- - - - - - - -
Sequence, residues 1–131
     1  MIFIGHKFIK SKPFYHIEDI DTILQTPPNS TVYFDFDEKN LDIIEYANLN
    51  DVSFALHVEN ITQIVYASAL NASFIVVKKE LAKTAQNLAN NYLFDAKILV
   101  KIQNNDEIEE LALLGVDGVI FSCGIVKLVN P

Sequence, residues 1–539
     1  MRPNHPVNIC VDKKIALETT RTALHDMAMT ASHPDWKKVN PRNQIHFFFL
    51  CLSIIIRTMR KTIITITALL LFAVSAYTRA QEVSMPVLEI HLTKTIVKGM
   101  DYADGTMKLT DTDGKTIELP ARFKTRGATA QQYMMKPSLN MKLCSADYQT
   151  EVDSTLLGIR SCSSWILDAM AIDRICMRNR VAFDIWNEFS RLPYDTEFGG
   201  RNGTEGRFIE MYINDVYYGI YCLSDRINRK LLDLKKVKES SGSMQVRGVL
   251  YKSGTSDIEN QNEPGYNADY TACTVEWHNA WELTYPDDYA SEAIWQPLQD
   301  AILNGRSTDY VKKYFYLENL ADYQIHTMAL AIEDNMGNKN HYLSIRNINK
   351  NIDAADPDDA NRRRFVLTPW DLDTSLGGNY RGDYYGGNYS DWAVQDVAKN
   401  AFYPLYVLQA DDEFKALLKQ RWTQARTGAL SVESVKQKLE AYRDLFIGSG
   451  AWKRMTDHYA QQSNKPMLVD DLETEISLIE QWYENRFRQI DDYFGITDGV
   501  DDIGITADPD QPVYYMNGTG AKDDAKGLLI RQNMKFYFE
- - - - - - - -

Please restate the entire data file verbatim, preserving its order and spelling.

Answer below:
Sequence, residues 1–131
     1  MIFIGHKFIK SKPFYHIEDI DTILQTPPNS TVYFDFDEKN LDIIEYANLN
    51  DVSFALHVEN ITQIVYASAL NASFIVVKKE LAKTAQNLAN NYLFDAKILV
   101  KIQNNDEIEE LALLGVDGVI FSCGIVKLVN P

Sequence, residues 1–539
     1  MRPNHPVNIC VDKKIALETT RTALHDMAMT ASHPDWKKVN PRNQIHFFFL
    51  CLSIIIRTMR KTIITITALL LFAVSAYTRA QEVSMPVLEI HLTKTIVKGM
   101  DYADGTMKLT DTDGKTIELP ARFKTRGATA QQYMMKPSLN MKLCSADYQT
   151  EVDSTLLGIR SCSSWILDAM AIDRICMRNR VAFDIWNEFS RLPYDTEFGG
   201  RNGTEGRFIE MYINDVYYGI YCLSDRINRK LLDLKKVKES SGSMQVRGVL
   251  YKSGTSDIEN QNEPGYNADY TACTVEWHNA WELTYPDDYA SEAIWQPLQD
   301  AILNGRSTDY VKKYFYLENL ADYQIHTMAL AIEDNMGNKN HYLSIRNINK
   351  NIDAADPDDA NRRRFVLTPW DLDTSLGGNY RGDYYGGNYS DWAVQDVAKN
   401  AFYPLYVLQA DDEFKALLKQ RWTQARTGAL SVESVKQKLE AYRDLFIGSG
   451  AWKRMTDHYA QQSNKPMLVD DLETEISLIE QWYENRFRQI DDYFGITDGV
   501  DDIGITADPD QPVYYMNGTG AKDDAKGLLI RQNMKFYFE